I have some sympathy for this approach. You might argue that a nation as small as the UK should not try to emulate the US and end up with different laws in different parts of the country. If Carswell and Hannan have their way, illegal immigrants might, if caught in Barking, be flogged and deportated, whilst Argyllshire in Scotland might merely deport them. In the US , Texas enthusiastically enforces the death penalty whilst 13 states have abolished it. However, it cannot be denied that a much higher percentage of Texans support the death penalty than citizens of states where the death penalty has been abolished. If you believe that democracy should be subservient to the goal of moving the entire nation to a higher plane of values, you might not like this approach. However, what constitutes a ‘higher plane of values’ will always be debatable.

Human Rights Act

The UK is a signatory to the European Convention on Human rights and all UK laws are subject to the Human Rights Act 1998 framed under this convention. Laws made by the British Parliament can be overruled if they are found to violate the Human Rights Act. It is not unheard of in the UK to challenge laws and regulations on the ground that they breach human rights. Carswell and Hannan do not like the idea of judges using the Human Rights Act to override the will of the Parliament. They want the Human Rights Act to be scrapped. If the Plan were to be implemented, the UK will withdraw from the European Convention on Human Rights.

Illegal immigrants, minorities and to a lesser extent prisoners, rely on this law more than others since they have very few other rights. Carswell and Hannan cite the example of an illegal immigrant who in 1997 was able to overturn his deportation order on the grounds that he would not receive the same medical treatment in his home country as was available in the UK . The illegal immigrant relied on Article 3 of this convention which says that no one shall be subjected to torture or to inhuman or degrading treatment or punishment.’ I find this example a bit outdated since the UK now deports illegal immigrants who are ill and need urgent medical care. In the beginning of this year, media reported the case of a cancer-ridden Ghanaian woman who was deported from the UK and died soon after.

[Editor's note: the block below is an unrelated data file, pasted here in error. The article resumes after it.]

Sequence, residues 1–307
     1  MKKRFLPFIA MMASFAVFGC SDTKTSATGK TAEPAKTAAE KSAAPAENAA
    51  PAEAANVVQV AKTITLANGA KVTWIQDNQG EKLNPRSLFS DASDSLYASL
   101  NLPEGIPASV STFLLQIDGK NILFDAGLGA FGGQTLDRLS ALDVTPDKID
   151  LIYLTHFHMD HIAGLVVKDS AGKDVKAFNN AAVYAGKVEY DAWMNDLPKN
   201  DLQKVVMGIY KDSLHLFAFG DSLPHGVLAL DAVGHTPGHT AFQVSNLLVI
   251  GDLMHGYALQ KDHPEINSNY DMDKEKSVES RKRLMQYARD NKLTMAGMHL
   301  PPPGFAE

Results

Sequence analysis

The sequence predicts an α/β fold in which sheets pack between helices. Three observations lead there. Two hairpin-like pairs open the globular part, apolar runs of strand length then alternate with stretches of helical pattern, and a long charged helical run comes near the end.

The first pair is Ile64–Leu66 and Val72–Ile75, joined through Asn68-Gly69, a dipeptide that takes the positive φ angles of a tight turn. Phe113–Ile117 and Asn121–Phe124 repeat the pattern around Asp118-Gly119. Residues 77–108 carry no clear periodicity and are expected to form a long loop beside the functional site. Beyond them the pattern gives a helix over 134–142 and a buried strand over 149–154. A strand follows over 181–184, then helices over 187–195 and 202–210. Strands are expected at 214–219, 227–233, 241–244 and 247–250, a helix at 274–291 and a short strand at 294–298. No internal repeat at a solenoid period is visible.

All the examples cited by Carswell and Hannan as examples of how courts have used the Human Rights Act to overturn the will of the Parliament involve illegal immigrants or prisoners or citizenship applications. I do have sympathy for the view that Judges should only interpret and should never make the law. However, if the Human Rights Act were to be scrapped, the most vulnerable section within British society will suffer the most.

Parliament must be supreme

Carswell and Hannan want a Reserve Powers Act to be enacted in order to guarantee the supremacy of the legislature against judicial activism. Carswell and Hannan find it intolerable that a national legislature might be subservient to an international body. For this reason, they oppose the International Criminal Court which can prosecute national leaders, a process which they rightly say may be misused. At least in theory, any political leader anywhere in the world, including from the UK , may be tried by the ICC. Carswell and Hannan go to the extent of saying that “the Yugoslav and Rwanda tribunals have now become a law unto themselves, prosecuting some men for no better reason than that it was thought politically expedient to have indictees from all sides in a war.” The job of prosecuting national leaders must be left to national courts, they say.

Thankfully not many people in the world share this point of view. If they did, war criminals like Slobodan Milosevic would never have been brought to book.

Carswell and Hannan want the UK ’s defence and foreign policy to be determined entirely by the Parliament with a lot more parliamentary oversight over diplomats. According to Carswell and Hannan, “British foreign policy is cocooned from the democratic process. It is conducted by highly qualified officials who, although often technically brilliant, have drifted away from the values of the rest of the country. Left to their own devices, diplomatists have evolved an approach to international relations that is elitist, managerialist, supra-nationalist, technocratic and contemptuous of ‘populism’.” Reading this, I was reminded of Republicans accusing Obama of elitism!